Canada’s unemployment rate drops to 6.9% after 13,800 new jobs added in May

Canada's unemployment rate falls in May to 6.9 per cent as economy adds 13,800 jobs.
Canada's unemployment rate falls in May to 6.9 per cent as economy adds 13,800 jobs. CANADIAN PRESS/Aaron Lynett

OTTAWA – While fighting a huge wildfire, Alberta’s labour market woes continued last month as job losses mounted, the unemployment rate surged and total hours worked hit their lowest mark in 30 years.

Statistics Canada released its first batch of labour data to coincide with the massive blaze that forced production shutdowns in Alberta’s economically critical oilsands region and triggered the evacuation of Fort McMurray.

The report Friday found that Alberta’s unemployment rate soared from 7.2 per cent to 7.8 per cent in May following the loss of 24,100 jobs across several industries. The biggest drops were seen in the resources and construction sectors.

The latest numbers from Statistics Canada do not include data from the Wood Buffalo area because of the wildfires and subsequent evacuation. However, Statistics Canada said the impact of not collecting labour force data in Fort McMurray was minimal on the provincial employment numbers, and negligible on the national estimates.

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Statistics Canada also says the total number of hours worked in Alberta decreased 5.1 per cent – the largest monthly decline since May 1986. In the 12 months leading up to May, employment in Alberta fell by 53,800 jobs or 2.3 per cent.

The story was different nationwide as the headline job numbers beat expectations.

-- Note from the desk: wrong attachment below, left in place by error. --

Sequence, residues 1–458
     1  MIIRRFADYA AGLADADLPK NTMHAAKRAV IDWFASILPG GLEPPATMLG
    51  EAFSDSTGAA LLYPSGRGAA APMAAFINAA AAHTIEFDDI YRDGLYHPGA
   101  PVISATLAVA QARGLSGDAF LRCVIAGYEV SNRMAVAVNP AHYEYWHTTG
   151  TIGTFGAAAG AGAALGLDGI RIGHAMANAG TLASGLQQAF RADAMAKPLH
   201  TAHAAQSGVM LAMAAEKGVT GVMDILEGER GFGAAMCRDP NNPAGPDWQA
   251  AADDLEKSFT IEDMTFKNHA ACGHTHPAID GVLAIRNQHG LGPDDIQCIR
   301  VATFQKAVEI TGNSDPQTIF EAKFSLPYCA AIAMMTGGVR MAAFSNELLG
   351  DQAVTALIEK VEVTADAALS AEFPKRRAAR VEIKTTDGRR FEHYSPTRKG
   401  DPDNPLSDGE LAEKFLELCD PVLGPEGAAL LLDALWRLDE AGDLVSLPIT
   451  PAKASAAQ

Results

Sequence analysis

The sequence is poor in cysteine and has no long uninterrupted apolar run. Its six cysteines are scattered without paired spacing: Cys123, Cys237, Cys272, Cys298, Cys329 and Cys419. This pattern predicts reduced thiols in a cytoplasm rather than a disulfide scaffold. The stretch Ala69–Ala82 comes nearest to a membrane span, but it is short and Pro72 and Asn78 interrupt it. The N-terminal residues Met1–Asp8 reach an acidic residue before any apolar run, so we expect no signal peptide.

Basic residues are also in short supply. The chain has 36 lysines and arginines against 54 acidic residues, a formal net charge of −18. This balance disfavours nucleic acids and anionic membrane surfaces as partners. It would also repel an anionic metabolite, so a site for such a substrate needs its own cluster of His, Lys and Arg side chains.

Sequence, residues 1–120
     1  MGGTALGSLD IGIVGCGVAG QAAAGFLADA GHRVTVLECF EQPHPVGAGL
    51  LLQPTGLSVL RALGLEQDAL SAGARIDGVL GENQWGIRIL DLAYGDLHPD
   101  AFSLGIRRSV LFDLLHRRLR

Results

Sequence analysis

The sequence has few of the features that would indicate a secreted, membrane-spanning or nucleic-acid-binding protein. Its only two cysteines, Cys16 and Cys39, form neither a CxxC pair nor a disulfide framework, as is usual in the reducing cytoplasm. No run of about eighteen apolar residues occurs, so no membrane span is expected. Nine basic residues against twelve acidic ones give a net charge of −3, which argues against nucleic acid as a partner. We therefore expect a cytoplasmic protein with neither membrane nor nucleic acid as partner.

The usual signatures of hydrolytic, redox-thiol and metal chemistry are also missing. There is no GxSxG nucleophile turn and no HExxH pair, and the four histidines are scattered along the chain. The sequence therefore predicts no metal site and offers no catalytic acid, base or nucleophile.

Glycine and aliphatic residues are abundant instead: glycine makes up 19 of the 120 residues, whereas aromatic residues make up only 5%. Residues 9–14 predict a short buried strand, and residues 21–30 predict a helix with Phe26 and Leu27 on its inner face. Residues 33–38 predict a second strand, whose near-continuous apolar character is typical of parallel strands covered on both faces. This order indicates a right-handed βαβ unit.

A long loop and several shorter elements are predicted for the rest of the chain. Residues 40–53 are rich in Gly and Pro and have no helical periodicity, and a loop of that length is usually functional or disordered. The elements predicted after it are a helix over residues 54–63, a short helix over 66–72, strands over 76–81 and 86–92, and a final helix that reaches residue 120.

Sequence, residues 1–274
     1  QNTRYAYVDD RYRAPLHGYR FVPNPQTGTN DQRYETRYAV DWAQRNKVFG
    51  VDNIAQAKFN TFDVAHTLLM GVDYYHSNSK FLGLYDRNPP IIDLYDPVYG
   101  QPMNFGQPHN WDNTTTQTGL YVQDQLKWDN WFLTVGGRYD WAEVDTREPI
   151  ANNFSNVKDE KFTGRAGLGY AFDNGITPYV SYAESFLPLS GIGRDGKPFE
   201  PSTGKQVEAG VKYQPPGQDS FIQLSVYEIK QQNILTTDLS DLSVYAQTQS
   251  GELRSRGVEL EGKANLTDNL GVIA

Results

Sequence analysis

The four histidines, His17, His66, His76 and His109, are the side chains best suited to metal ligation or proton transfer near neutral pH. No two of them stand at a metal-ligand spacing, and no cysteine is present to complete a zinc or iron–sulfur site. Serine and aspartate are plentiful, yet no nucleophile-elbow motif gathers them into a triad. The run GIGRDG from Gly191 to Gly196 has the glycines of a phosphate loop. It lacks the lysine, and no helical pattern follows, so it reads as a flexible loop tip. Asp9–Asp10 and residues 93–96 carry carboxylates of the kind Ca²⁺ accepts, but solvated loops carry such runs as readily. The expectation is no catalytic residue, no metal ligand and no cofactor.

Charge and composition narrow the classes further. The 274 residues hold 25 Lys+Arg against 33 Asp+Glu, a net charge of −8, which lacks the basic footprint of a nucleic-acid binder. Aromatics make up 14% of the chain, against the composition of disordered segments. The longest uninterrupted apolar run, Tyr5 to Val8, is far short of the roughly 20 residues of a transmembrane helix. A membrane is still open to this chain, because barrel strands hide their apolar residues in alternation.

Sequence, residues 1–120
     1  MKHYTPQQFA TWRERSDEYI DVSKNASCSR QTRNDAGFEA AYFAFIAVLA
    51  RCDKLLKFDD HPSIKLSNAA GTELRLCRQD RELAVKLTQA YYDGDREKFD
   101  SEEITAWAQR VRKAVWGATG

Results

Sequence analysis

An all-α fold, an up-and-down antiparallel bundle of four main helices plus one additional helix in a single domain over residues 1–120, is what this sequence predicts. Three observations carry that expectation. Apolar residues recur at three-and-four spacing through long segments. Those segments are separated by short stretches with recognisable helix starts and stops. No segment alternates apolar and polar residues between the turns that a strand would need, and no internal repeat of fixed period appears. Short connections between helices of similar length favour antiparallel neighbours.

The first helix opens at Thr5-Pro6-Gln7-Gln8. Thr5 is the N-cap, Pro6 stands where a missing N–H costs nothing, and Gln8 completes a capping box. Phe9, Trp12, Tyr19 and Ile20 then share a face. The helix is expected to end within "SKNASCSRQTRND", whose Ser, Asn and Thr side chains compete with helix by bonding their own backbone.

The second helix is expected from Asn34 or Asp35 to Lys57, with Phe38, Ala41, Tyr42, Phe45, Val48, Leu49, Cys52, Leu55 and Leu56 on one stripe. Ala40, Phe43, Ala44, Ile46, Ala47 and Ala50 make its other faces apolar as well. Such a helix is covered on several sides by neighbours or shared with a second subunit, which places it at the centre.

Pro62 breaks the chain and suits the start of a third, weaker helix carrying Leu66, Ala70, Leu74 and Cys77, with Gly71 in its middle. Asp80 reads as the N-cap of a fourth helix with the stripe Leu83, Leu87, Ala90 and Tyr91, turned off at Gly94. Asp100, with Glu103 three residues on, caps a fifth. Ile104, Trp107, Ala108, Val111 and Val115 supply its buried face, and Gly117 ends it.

Across Canada, the labour force survey showed an overall gain of 13,800 jobs in May, including 30,200 public-sector positions. The increase helped push the jobless rate down to 6.9 per cent from 7.1 per cent – its lowest level since last July.

The number of full-time jobs climbed by 60,500, while part-time positions slid by 46,800.

The number of employee positions in Canada increased in May by 24,800, while self-employed jobs decreased by 11,100.

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The category of youth employment, representing workers aged 15 to 24, shed 35,400 jobs last month. Over the previous 12 months, losses in this category reached 82,400 – a 3.3 per cent decline.

Overall, however, Canadian employment last month was up 0.6 per cent compared to 12 months earlier, the report said.

The labour data surpassed expectations of a consensus of economists, who had predicted the country to add 3,800 jobs and for the unemployment rate to stay at 7.1 per cent, according to Thomson Reuters.

Statistics Canada said it collected labour survey data last month for the sub-provincial area that includes Fort McMurray, but due to the Alberta wildfire, it did not gather data for the smaller census agglomeration that encompasses the city.

With a file from Sarah Kraus, Global News. 

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